3:40 PM Break

4:00 PM  
CPFE Simulations and In-situ Laue Micro-diffraction to Reveal the Geometry of a Forming Vein during Fatigue: Ainara Irastorza-Landa1; Nicolo Grilli1; Helena Van Swygenhoven2; 1Paul Scherrer Institute & EPFL; 2Paul Scherrer Institut
    The formation of a vein during cyclic shearing of a single Cu crystal can be followed in Laue diffraction transmission by following the lattice rotation spatially resolved [Acta Mat, 112(2016)184]. The evolving dislocation microstructure was analyzed in terms of lattice rotation, lattice curvature and apparent geometrically necessary dislocation densities. The evolution of the GND traces showed a clear redistribution of the pre-existing GNDs and the appearance of regions surrounded by GND walls with no GNDs inside. Such regions were recognized as developing vein structures. Because Laue transmission integrates over the thickness of the sample, no experimental information can be obtained about the structure of the vein in the beam direction. Here, we show that the vein geometry can be obtained by comparing lattice curvature tensor components form CPFE simulations with those experimentally derived. These simulations are performed using the newly developed crystal plasticity model [J.Mech. Phys. Solids 84(2005)424].

4:20 PM  Invited
Fatigue Crack Growth and Fracture of Flexible Metallic Sheets: Wade Lanning1; Syed Javaid1; James Collins1; Christopher Muhlstein1; 1Georgia Institute of Technology
    In our previous work we demonstrated that transitions from inter- to transgranular fatigue crack growth modes in some face-centered cubic, nanograined metals are associated with cyclic grain coarsening. However, both sheet thickness and grain morphology contribute to the apparent loss of fatigue crack growth and fracture resistance. In this presentation we will explore how cyclic plastic deformation evolves ahead of cracks in very thin, flexible, wrought Au and Al sheets. A series of experiments on wrought, centimeter-scale specimens will be compared and contrasted with the performance of micrometer-scale, vapor deposited films to establish which crack tip parameters best describe the driving forces for crack advance.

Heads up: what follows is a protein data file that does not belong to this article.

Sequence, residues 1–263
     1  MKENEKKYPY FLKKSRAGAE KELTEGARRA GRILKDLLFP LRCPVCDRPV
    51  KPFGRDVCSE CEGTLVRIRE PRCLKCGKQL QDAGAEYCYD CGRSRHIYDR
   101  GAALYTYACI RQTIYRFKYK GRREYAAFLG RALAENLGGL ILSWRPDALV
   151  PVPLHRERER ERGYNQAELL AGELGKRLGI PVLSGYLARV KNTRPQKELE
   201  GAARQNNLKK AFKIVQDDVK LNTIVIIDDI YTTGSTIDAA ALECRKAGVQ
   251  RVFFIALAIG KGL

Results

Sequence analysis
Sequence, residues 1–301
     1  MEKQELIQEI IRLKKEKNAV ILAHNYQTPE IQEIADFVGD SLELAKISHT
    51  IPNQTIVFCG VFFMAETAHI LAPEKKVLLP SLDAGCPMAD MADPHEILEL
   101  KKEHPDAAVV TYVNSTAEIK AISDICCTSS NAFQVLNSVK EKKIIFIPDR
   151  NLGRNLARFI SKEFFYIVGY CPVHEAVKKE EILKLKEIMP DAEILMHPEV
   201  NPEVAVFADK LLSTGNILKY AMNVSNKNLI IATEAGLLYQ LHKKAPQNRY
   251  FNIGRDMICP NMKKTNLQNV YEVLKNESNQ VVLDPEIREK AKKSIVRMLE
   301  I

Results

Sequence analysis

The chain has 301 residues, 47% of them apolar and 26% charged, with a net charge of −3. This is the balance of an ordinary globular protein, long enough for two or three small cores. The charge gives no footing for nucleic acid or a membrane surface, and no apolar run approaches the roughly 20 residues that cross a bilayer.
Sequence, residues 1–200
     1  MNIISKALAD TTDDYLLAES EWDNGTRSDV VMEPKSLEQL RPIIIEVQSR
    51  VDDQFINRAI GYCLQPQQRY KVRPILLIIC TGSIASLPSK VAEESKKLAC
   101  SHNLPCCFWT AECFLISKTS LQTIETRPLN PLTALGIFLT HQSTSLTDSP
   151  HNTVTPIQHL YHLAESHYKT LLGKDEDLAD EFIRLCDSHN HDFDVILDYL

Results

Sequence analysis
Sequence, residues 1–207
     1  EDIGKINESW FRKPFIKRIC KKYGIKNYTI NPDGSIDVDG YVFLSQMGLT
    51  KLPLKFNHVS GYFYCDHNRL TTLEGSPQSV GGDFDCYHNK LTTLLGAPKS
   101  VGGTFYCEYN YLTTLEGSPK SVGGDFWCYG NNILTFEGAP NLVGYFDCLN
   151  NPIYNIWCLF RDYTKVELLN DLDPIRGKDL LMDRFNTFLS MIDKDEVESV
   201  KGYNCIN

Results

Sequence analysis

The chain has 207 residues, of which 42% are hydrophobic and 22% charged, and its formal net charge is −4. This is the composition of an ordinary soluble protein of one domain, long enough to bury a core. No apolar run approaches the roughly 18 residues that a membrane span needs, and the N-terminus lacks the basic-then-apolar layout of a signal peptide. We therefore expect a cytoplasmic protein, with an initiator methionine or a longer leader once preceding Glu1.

4:40 PM  
Short Crack Growth in Ni-base Superalloys during Micro-bending Fatigue: Gi-Dong Sim1; Zafir Alam1; Gyuseok Kim2; Paul Shade3; Chris Woodward3; Kevin Hemker1; 1Johns Hopkins University; 2University of Pennsylvania; 3Air Force Research Laboratory
    In this presentation, we will discuss experimental methods developed to study statistics of short-crack growth in 500 Ám thick Ni-base superalloy (single crystal and polycrystalline) foils. The goal is to identify intermittent, avalanche dynamics of short-crack growth and possible connections to the “avalanche oscillator” mechanism for plasticity. Using a novel resonant-based micro-bending fatigue setup, we monitor the resonance frequency (RF) change of the foil while applying cyclic loading and correlate discrete RF drops to short-crack growth. Furthermore, we employ microfabrication techniques to deposit multiple micron-scale thin metal lines on top of the foil (dielectric layer is deposited in between). These channels are designed to result in open circuits during crack propagation, and the electrical resistance of the channels is recorded using four-point resistance method. From resistance change, intermittent crack growth can be quantified and analyzed for studying self-organized criticality of short-crack growth.